Mar 2, 2021


Pupils at River View School, Kazungula
Pupils at River View School, Kazungula

The new school year started on the 2nd of February and thanks to donations from our supporters at least 30 schools are to receive PPE to prevent the spread of coronavirus in the classroom. The new variant of COVID-19 from South Africa has caused an increase in new cases at the beginning of the year but this appears to be stabilizing and numbers are on the decline. However, protection is paramount for pupils and teachers.

We have some exciting developments taking place all over the Kazungula District. An extra classroom block, science lab, boarding houses, toilets, and a food production unit at Musokotwane Secondary School will provide advanced and extra facilities to cater for a greater number of pupils.

Examination results are currently being given out and one of the hardest subjects to pass is Mathematics. After doing some research I learnt that the main reason for poor results is lack of textbooks. In most cases pupils must learn from the blackboard and only have notes for revision and homework. We are donating several hundred Maths books and we currently raising funds to provide more Maths books in rural schools, the donations given to each schools, will be monitored and evaluated at the end of the year.

The new school year commenced on the 2nd February, a month later than usual due to the pandemic. Once again, we are sponsoring over 200 orphans and vulnerable children. Thank you to everyone who supports this programme, We are also funding six students to study at college and two at university.

A new teacher’s house for Muyunda, a remote community in Nyawa will soon be completed to add to the classroom block we opened in 2019, and a classroom block at Nguba has now been finished. We are still locating schools in remote areas where the only building is a mud and pole structure, built by the locals and run by untrained community teachers.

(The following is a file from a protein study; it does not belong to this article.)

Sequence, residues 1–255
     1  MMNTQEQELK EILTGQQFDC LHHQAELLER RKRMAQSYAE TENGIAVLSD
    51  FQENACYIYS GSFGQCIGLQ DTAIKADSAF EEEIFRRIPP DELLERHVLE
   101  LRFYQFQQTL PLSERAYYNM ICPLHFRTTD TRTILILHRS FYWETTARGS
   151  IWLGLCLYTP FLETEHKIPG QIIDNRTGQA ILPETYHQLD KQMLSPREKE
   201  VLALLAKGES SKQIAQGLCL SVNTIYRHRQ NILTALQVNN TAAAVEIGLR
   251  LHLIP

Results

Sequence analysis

After 35 years teaching in rural areas Presley Mulenga has retired. I met Presley in 2006 when I first visited Mukuni Junior School where he was Head Teacher for thirteen years, after which he was transferred to River View in 2014. I have worked closely with him for 15 years, his selfless dedication to education and commitment in helping orphans and vulnerable children has impressed me most of all. Having Presley on our team is invaluable. He gave me an insight into the education system in Zambia, helped me to identify areas lacking in schools, and to initiate the orphan sponsorship programme. We wish his all the very best in his retirement and delighted that he will remain as a Trustee for The Butterfly Tree NGO in Zambia.

Jan 26, 2021

The Butterfly Tree 2006-2021

Traditional dwelling - Mukuni Village 2006
Traditional dwelling - Mukuni Village 2006

Fifteen years ago today I flew to Zambia for the first time, little did I know that it would not only change my life for the better, but it would result in helping to change the lives of thousands of orphans and vulnerable children in one of the poorest countries on the planet.

Since the founding of the charity in 2006, and subsequent registration in 2007, The Butterfly Tree has considerably expanded. It began with sponsoring a few orphans in Mukuni Village and over the years it has developed into an accomplished organisation. Our work covers a vast area of the Kazungula District where we have built new schools and health centres, installed boreholes and water reticulation systems, initiated feeding programmes, implemented an advanced malaria prevention programme, and build houses for orphans and the elderly.